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Yvonne Braun speech at The Future of Life and Pensions conference

The Industry Response

[Check Against Delivery]

Yvonne Braun, Head of Savings, Retirement and Social Care, Association of British Insurers

It is a pleasure to respond to Alex Roy (Manager, Life & Pensions, FCA) on the future of advice and consumer protection in pensions. I can only echo the point of this having been a year of very significant change in pensions.

The Queen’s speech last week formally announced a bill to permit the development of Collective DC, as well as the legislation to introduce the Budget changes.

Together with the flat rate state pension, a further rise in the state pension age, the roll-out of auto-enrolment to smaller employers, price-capping auto-enrolment workplace pensions at 75 bps and a new governance framework for contract-based pensions, this adds up to a permanent revolution in pensions policy.

But for all the policy boldness, the Budget is only the beginning of the main job of enabling a new retirement landscape to develop.

Let me start by talking about the Guidance Guarantee announced in the Budget, before discussing some of the wider issues.

The Budget, and in particular the Guidance Guarantee has already generated many column inches and even more tweets.

But whilst the direction of travel was clear, I think it’s fair to say we were left with as many questions as answers by the Treasury’s consultation document.

It is interesting that every time you speak to someone about the guidance, they have a subtly different idea what it actually is. So our first task has been to get as clear as possible about what the guidance guarantee actually is.

We have worked very intensively with KPMG, with stakeholders and with our members to help develop answers to the key questions, including how the Guidance Guarantee should be designed, how it should be delivered, who could deliver it, the possible cost and funding models. We will publish this work tomorrow in time for the Treasury’s deadline, so I won’t go into all the details here.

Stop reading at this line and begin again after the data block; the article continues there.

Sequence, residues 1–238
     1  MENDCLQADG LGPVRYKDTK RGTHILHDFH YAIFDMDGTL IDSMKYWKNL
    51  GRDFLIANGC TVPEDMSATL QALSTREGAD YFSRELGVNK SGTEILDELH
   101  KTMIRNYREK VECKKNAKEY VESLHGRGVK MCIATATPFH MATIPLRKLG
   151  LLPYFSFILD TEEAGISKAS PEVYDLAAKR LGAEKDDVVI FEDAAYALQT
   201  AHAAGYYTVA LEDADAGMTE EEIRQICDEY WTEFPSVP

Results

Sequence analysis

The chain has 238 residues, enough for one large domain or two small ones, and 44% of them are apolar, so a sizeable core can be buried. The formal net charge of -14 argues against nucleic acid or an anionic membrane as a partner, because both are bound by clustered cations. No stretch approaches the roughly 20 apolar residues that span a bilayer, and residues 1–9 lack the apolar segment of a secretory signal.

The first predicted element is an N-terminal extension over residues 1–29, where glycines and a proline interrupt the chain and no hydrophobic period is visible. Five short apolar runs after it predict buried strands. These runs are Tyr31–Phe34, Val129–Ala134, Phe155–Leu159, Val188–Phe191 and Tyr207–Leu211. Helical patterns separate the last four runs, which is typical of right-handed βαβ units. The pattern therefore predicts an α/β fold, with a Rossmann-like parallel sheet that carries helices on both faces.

But I’d like to draw out the key points from our proposals.

Firstly, the ground the Guidance Guarantee should cover.

We strongly believe that it needs to be broad. Guidance on pension options alone would fail to take into account people’s wider needs. People may want to continue working, have health issues to consider, or dependants. Paying off debt could also be a consideration for many. And taking your entire pot could have implications for your tax position – so tax should also be covered by the Guidance Guarantee.

However, the Guidance Guarantee can’t provide detailed answers on all of these points – it needs to be high-level and point the individual to where they can get further help, including regulated advice. 

This goes further than 'information only' but is not 'regulated advice' either - it sits on a spectrum between the two. For the customer, it means they can expect the guidance they receive to be broadly tailored to their profile but not to be a bespoke fit.

Secondly, the very ambitious deadline.

The Government have less than ten months to get the Guidance Guarantee off the ground and get it tested. In our view, that means the solution to be available from next April has to be built on the existing providers of guidance in this space – the utilities, if you like: The Money Advice Service, The Pensions Advisory Service and Citizens Advice.

As I said before, it is still unclear what the scope of the Guidance Guarantee is. So principled debates about whether providers should or should not be able to deliver it strike me as somewhat fruitless.